The future of media is in streaming. Such goes the bold claim that predicts the eventual demise of movies and music we buy and own. And one of the companies responsible for this paradigm shift is Spotify.
Spotify is a streaming music service originally developed in 2006 in Sweden and launching in 2008. It is not without controversy, having come under fire from musicians the likes of Taylor Swift and Thom Yorke for their business model and the difficulty of new artists to generate revenue from the streaming service.
However as of 2015, Spotify is worth $5 billion and has a user base of 75 million members, of which 20 million of them are paid customers, and the service is available in over 50 countries worldwide.
So how did Spotify rise to become the world’s largest music streaming platform?
1. Create a sense of exclusivity by making the service “invite-only”
During their initial release campaign, Spotify required new users to provide their emails to the company in order to be “invited” to enjoy the service. It created a viral element to the service, with users having only 5 invites at first to share with friends.
The very same strategy has been instrumental to the meteoric rise of other digital-based service goliaths, Facebook and Google Plus. The scarcity of the service makes it seem “cool” and makes users feel part of an exclusive club.
While the service eventually expanded to being available to anyone (as was expected from the outset), building this type of hype behind a new venture can help ensure greater media coverage and market saturation from the initiation of the business.
2. Freemium gives users the best of both worlds
Spotify operates a freemium model with the majority of its users streaming music to their mobiles or desktop via apps or web browsers. Users subscribing for free get ads between tracks, which are part of Spotify’s revenue model. Users of the free service encounter audio ads every five or six songs, or approximately three minutes of advertising for every hour of listening.
While these ads might get annoying after a while, most people love free things and are likely to share news of a free service to their friends. Providing a platform for companies to advertise to millions of users also ensures that Spotify is being talked about amongst marketers hoping to promote their brands through the service.
3. Appeal to a shared human experience – the love of music
In 2013, Spotify launched its first ever advertising campaign, at a time when Spotify may face increased competition from big companies like Apple, Google and Amazon, all of whom are rumored to be launching music streaming services of their own.
The campaign highlights the wide-reaching, emotional power of music, and its impact on the human experience:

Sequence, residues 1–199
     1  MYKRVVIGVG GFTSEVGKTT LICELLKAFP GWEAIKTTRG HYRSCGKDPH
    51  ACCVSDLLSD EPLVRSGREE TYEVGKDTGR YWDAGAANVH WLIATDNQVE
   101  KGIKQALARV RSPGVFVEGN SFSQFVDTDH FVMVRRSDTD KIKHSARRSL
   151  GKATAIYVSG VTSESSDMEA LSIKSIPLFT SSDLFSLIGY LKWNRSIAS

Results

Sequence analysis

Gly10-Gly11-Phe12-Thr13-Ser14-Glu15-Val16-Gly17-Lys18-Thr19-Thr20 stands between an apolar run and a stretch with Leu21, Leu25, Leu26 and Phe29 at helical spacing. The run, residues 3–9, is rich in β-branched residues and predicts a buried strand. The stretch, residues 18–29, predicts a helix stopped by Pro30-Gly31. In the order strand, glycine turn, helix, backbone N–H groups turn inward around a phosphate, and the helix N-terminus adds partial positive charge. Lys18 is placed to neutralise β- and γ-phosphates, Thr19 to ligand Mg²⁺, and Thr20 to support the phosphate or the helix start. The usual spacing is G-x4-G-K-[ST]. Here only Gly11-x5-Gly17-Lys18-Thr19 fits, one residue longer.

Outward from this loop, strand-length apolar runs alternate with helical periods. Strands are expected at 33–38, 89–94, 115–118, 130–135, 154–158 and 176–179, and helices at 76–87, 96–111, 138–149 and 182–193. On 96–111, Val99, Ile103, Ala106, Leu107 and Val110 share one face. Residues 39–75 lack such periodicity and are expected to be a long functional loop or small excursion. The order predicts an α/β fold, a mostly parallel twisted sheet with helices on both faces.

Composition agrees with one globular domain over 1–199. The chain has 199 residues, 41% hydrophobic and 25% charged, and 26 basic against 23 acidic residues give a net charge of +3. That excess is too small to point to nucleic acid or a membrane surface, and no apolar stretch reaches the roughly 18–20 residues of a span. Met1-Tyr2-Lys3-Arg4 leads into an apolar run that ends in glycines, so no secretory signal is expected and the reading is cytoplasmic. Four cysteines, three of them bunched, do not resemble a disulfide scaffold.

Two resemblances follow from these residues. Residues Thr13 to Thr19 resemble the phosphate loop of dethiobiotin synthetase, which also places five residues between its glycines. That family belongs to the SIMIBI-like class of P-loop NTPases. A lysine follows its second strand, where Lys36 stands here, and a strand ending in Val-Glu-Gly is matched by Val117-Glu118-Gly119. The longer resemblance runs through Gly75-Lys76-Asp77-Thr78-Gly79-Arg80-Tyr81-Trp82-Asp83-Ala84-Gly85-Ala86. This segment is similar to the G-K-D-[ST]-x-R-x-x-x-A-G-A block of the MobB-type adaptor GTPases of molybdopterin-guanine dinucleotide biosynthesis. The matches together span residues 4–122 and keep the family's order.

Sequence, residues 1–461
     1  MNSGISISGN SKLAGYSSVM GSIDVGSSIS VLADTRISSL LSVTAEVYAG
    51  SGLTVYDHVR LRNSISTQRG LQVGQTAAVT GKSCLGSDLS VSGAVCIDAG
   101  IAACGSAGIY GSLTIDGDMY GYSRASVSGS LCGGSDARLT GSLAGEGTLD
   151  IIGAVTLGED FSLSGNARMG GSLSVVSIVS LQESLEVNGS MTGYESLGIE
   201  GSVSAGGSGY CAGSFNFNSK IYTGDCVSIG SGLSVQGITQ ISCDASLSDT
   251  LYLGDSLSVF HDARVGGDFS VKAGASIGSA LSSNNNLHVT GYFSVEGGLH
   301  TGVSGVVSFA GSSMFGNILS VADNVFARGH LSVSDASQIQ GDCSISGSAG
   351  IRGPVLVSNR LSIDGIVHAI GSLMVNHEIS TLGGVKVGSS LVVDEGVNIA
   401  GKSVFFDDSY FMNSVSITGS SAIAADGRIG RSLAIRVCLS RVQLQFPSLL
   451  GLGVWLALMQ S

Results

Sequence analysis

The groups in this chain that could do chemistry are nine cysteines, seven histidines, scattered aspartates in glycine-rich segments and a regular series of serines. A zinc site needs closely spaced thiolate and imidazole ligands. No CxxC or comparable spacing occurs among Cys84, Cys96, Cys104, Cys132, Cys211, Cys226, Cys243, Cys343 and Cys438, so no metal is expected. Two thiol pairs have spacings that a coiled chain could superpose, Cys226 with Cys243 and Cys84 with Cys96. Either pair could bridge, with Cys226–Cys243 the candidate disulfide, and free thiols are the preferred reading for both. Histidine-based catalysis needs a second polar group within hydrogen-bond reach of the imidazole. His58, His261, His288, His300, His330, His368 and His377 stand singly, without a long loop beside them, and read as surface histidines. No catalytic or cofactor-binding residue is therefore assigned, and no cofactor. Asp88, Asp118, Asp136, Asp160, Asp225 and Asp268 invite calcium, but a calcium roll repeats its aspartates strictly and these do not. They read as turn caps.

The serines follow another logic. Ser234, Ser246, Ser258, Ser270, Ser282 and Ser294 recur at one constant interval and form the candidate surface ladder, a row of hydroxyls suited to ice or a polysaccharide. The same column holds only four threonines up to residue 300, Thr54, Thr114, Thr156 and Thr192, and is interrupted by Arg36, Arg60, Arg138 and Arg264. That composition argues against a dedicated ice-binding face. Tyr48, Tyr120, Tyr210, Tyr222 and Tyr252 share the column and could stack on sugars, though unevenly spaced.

“Because we were all conceived to a 4×4 beat. Because music can’t be stopped, can’t be contained,” the narrator says. “Because music is worth fighting for. Why? Because it’s music.”
The year after, Spotify launched its #thatsongwhen campaign. Few things are as evocative of memories as music and Spotify is using that emotional connection in a new online and social media push that invites users to share their songs and the real stories behind them.
Users are able to upload a photo along with their story and hashtag it to share on social media, further strengthening the brand’s visibility and reach.
4. Collaborate with publishers and music labels to increase reach
Spotify has used co-marketing and partnerships with publishers and music labels to increase its reach by embedding different formats of widgets on other sites.
For example, acclaimed music site Drowned In Sound has a monthly playlist which it embeds within its blog which encourages its readers to engage with Spotify. A music magazine like NME offers apps with a range of playlists which again will generate awareness and engagement.
Music labels like Universal and Warner also maintain user profiles that create playlists of their signed artistes.
Such collaborations provide these publishers and music labels a means to promote and stream music digitally, but at the same time also benefit Spotify by exposing Spotify to their fanbase.
5. Anticipating what users want and giving it to them via Playlist Targeting
Spotify curates playlists that cleverly caters to its users’ needs. From playlists catering to specific genres and moods to more specific scenarios like “Working Out,” “Chill Out Evenings” and “Lazy Sundays,” there is a perfect playlist for any and every time of day.
But Spotify’s crown jewel is its Discover Weekly playlist, which takes into account the music that users have been listening during the week and recommends them artists they would like. This playlist is updated every week and provides users with fresh new music that they would be telling their friends about.
Spotify also has famous people create playlists, in case anyone was curious what Barack Obama listens to. Users can now brag to their friends they have the same music taste as the US President.
Here’s a quick recap of how Spotify became the world’s largest music streaming service:
- Create sense of exclusivity during initial launch to generate hype
- Use of freemium model. Because everybody loves free things
- Appeal to shared human experience i.e emotional reach of music
- Collaborate with other companies in the same industry to take advantage of their fanbase
- Anticipate what users want and give it to them